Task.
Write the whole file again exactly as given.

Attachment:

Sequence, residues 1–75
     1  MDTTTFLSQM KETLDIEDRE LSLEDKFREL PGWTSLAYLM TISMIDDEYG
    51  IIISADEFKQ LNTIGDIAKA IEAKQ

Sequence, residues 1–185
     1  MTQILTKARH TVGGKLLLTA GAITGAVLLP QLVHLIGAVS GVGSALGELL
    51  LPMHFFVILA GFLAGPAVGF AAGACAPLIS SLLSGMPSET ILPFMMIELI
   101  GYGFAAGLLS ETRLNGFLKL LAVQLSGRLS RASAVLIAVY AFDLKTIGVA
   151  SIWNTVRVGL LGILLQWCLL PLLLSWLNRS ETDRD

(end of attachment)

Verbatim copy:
Sequence, residues 1–75
     1  MDTTTFLSQM KETLDIEDRE LSLEDKFREL PGWTSLAYLM TISMIDDEYG
    51  IIISADEFKQ LNTIGDIAKA IEAKQ

Sequence, residues 1–185
     1  MTQILTKARH TVGGKLLLTA GAITGAVLLP QLVHLIGAVS GVGSALGELL
    51  LPMHFFVILA GFLAGPAVGF AAGACAPLIS SLLSGMPSET ILPFMMIELI
   101  GYGFAAGLLS ETRLNGFLKL LAVQLSGRLS RASAVLIAVY AFDLKTIGVA
   151  SIWNTVRVGL LGILLQWCLL PLLLSWLNRS ETDRD